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Today’s News - Friday, November 12, 2010

•   Kamin on Chicago's major sustainability push, of "eco-toupees and plastic alleys," and why "a little perspective is in order" on the eve of Greenbuild.

•   Make's "astonishing" Cube in Birmingham, U.K., a city "happy to embrace 'starchitecture' in order to gain civic kudos" sparkles plenty, but "reveals an insensitivity that betrays the purity of intent so evident in its...core concept."

•   Get ready NYC, two Holl buildings are less than two years away (a good read once you get past the star-struck platitudes).

•   Viñoly's Battersea Power Station gets green light (again?); key is a commitment to two transit station extensions (and hopes to create more than 3,400 homes).

•   An eyeful of the Museum of Fine Arts, Boston: "Is Norman Foster having the best fall ever?"

•   Is RMJ having the worst fall ever?

•   Brizzio on then and future Expo's: "Are they still relevant and creative architecture experiments?" (great slide show)

•   Brussat's fears are confirmed: traditional options seem to be off the table in finalists' designs for a pedestrian bridge in Providence (remember the Sopwith Camel gas station?).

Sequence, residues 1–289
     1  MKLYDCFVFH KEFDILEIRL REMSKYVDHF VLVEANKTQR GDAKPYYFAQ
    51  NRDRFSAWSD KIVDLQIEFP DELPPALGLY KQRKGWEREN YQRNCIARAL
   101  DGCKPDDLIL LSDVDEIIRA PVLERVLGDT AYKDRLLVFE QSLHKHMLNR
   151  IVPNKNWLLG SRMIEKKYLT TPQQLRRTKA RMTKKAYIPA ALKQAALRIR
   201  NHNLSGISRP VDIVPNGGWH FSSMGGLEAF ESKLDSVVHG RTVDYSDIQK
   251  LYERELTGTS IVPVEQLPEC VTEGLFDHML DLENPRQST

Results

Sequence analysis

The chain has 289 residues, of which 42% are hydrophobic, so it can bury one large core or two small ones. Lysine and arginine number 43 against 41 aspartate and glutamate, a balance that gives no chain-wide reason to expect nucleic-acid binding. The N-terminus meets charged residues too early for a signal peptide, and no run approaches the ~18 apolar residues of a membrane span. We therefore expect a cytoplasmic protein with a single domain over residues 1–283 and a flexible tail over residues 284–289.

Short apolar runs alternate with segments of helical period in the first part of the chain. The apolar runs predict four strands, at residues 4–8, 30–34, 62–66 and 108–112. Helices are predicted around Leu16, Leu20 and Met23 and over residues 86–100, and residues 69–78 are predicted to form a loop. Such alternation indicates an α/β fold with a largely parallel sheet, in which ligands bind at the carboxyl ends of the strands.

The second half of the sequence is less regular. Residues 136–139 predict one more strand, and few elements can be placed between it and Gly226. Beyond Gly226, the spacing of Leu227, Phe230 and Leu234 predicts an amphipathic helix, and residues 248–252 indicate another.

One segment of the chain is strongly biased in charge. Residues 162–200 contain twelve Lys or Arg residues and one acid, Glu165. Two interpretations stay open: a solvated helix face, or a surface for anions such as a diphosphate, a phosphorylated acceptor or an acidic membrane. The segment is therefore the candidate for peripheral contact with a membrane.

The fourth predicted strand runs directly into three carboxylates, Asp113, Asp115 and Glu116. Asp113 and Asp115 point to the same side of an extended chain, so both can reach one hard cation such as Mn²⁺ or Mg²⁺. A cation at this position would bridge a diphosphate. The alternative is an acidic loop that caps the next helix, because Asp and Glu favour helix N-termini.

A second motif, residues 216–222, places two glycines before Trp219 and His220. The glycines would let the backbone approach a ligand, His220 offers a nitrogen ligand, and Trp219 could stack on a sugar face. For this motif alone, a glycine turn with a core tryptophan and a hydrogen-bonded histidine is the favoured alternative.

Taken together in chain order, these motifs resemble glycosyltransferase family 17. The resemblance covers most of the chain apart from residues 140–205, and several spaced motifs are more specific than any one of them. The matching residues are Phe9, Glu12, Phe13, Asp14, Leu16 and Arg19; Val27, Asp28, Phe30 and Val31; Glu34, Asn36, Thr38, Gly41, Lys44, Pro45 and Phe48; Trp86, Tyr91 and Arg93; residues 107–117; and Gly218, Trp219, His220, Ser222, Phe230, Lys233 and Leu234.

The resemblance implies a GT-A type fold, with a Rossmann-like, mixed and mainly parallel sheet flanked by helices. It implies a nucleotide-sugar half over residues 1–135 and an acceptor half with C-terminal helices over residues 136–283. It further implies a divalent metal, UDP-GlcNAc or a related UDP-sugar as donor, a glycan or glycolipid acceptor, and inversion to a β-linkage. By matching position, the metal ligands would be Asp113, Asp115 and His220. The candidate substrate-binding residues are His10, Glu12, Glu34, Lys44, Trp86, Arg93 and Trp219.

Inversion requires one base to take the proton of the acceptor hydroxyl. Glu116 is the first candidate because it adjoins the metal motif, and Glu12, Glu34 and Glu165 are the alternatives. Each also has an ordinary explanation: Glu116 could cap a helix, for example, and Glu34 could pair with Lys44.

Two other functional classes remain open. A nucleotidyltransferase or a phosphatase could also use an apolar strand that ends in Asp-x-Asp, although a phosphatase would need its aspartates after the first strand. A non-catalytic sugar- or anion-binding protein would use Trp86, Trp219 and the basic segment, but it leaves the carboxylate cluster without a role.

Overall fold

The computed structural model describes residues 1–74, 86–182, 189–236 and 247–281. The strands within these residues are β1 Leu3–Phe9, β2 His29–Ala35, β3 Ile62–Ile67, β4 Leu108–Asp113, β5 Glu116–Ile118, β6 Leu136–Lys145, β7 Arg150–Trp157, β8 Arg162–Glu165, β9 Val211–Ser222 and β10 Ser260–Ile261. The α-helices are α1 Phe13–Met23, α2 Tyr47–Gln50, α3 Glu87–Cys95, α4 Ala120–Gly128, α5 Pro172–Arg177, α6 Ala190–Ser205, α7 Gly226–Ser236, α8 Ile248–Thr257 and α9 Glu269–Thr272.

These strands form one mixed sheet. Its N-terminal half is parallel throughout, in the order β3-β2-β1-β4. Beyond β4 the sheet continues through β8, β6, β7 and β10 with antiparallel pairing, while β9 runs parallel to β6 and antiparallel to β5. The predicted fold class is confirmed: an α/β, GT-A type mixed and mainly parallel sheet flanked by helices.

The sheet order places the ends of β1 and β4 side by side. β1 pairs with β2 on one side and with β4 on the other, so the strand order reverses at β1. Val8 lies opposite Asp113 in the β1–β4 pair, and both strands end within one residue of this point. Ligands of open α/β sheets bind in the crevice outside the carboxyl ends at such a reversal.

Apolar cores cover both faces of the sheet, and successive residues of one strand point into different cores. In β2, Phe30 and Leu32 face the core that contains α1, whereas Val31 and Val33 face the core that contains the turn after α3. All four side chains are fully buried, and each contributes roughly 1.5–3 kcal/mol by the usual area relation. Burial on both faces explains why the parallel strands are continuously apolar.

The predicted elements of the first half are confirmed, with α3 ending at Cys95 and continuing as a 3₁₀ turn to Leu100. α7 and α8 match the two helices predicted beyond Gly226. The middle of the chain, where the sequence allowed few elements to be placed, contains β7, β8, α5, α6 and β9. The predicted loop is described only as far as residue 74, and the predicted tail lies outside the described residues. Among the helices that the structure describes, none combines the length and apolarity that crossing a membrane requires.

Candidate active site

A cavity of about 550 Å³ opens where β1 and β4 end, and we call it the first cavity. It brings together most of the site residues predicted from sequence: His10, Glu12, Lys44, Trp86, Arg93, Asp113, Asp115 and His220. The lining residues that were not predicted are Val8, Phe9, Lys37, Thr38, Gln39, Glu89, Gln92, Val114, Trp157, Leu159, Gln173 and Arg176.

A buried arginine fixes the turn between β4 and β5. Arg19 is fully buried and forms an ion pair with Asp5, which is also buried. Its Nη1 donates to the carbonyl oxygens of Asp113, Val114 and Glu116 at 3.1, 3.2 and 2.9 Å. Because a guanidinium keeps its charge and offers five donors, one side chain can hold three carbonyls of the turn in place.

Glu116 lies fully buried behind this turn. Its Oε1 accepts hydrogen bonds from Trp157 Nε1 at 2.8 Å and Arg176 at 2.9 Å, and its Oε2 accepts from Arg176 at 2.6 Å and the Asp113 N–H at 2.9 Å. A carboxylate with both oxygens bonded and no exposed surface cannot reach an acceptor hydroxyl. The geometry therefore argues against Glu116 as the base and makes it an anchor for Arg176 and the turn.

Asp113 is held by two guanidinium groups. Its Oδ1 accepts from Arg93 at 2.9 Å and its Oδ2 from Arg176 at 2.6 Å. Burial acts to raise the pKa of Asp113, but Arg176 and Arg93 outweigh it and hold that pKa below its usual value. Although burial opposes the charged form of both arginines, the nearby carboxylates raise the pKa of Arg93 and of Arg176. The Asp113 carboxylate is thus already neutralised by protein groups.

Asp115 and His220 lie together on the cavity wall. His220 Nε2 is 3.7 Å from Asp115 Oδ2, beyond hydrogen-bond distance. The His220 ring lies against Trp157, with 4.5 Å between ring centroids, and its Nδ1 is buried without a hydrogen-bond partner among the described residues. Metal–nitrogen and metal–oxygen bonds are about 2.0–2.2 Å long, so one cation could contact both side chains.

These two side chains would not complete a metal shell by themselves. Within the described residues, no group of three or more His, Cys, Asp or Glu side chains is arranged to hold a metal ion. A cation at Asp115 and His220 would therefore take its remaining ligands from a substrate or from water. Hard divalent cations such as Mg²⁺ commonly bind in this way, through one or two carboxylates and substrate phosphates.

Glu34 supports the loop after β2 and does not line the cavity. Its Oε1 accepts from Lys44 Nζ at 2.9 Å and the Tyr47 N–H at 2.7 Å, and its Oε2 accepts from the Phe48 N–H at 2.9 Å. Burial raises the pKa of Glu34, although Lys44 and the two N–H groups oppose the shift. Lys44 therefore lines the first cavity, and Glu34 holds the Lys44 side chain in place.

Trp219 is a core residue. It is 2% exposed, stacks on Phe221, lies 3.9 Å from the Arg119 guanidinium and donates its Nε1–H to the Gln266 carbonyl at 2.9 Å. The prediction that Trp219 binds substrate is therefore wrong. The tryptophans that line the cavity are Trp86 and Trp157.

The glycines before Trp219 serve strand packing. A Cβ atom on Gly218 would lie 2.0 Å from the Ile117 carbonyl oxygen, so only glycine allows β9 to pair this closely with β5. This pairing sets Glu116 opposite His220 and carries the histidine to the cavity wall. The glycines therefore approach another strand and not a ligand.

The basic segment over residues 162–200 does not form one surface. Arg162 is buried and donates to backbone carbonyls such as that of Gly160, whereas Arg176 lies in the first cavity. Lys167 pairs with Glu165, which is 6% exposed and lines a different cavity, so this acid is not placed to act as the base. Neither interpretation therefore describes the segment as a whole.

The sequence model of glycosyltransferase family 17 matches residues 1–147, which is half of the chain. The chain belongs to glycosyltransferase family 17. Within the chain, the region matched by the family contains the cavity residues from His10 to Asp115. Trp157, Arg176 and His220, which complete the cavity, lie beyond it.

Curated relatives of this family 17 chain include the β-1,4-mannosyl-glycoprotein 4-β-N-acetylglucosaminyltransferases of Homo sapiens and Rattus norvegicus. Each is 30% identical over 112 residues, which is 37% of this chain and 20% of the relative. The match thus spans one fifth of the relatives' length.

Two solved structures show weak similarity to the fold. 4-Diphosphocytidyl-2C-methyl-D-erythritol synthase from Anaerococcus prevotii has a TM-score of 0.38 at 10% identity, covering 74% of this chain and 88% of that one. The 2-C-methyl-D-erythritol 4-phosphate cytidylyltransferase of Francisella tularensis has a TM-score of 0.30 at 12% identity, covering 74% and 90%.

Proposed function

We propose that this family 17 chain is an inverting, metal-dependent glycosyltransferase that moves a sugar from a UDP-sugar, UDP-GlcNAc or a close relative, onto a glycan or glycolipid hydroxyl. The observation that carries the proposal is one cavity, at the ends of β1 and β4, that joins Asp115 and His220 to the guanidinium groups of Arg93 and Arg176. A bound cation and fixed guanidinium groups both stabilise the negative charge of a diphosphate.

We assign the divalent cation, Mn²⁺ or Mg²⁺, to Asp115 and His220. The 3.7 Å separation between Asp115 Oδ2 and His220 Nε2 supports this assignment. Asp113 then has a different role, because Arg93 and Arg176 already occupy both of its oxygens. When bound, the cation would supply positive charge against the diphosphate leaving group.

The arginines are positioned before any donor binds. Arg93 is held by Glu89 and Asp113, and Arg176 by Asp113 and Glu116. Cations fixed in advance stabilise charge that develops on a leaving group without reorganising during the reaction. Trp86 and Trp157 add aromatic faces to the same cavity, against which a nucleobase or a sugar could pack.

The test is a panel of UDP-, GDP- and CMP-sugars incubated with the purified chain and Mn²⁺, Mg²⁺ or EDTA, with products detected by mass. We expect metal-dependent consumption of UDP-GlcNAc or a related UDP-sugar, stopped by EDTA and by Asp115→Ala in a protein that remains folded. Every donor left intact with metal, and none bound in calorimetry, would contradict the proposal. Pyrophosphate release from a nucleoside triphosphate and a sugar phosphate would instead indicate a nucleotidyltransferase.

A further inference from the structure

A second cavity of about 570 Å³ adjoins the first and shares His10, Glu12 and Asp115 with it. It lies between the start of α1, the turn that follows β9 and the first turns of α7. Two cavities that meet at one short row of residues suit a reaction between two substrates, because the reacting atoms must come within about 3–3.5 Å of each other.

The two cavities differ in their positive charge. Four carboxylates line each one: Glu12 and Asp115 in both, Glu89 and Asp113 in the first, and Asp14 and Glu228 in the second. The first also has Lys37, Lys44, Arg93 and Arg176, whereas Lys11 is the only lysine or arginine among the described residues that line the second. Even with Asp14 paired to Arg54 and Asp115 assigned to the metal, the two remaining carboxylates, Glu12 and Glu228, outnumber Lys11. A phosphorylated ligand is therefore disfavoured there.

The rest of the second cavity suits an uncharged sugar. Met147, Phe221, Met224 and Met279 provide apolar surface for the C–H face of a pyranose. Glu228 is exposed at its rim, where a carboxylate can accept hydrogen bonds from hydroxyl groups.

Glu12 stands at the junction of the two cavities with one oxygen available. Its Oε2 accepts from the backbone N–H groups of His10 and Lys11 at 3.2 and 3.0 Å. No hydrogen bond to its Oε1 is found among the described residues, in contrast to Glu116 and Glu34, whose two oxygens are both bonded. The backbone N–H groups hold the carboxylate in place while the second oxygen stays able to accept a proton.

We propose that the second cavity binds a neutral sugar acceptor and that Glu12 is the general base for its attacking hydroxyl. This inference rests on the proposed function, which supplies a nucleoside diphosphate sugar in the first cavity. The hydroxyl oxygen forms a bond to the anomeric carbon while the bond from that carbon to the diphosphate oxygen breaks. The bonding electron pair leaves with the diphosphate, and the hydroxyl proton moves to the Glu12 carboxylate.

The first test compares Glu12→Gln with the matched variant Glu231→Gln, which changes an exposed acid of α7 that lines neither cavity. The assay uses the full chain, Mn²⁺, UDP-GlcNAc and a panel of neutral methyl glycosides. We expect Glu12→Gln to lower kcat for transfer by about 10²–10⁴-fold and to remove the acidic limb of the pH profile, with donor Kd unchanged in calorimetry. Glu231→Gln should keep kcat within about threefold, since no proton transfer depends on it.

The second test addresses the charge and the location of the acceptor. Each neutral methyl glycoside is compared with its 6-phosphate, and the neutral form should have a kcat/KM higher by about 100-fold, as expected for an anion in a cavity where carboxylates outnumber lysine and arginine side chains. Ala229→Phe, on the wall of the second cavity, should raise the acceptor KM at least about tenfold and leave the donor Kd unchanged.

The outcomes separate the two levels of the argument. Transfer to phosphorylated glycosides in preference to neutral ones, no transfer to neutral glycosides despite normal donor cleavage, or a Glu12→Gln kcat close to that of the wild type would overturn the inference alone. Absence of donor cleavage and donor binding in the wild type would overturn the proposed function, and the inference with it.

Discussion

•   Call for entries: 9th Philippe Rotthier European Prize for Architecture 2011 for notable renovations.

•   Weekend diversions:

•   Goldberger on "Paul Rudolph: Lower Manhattan Expressway" at the Cooper Union: "I'm not sure there has ever been an architect whose work was as seductive, as beautiful, as exhilarating, and as downright frightening...It's hard to say what the exhibition will do to his reputation."

•   As Utrecht celebrates "Rietveld's Universe," his grandson is determined to ensure his furniture remains available.

•   Lui on Stein's "Greening Modernism": he "makes a good case for the reunification of sustainability and Modernism...They are one and the same."

•   Gruber finds "Clear as Mud: Planning for the Rebuilding of New Orleans" a "riveting, if necessarily dry, account of the process, or rather processes, for the preparation of plans for the city's recovery."

•   In "A Guide To The New Ruins Of Great Britain," Hatherley's "casts a despairing eye" on "an encroaching American-style urban landscape of gated communities and malls."

•   Moore is almost bemused by "Harmony: A New Way of Looking at Our World" by Prince Charles et al: "some of his ideas are completely off the wall," but when not being "weird or wonky," they say "things with which only nutters, or Republican candidates for the US Senate, would disagree."

•   "50 Beautiful Houses In India" illustrates beautifully how "design in Indian housing has undergone a sea change in the past few decades."

•   "Minka": a documentary about the rescue of an ancient farmhouse in Japan is "an intimate story about place, architecture, memory and the meaning of home"; the film is almost ready for its close-up - but could use some help.

•   We couldn't resist: Bey lets us know "Devil in the White City" may be coming to the big screen courtesy of Leonardo DiCaprio (a.k.a. the book's serial killer H.H. Holmes, perhaps?).



  


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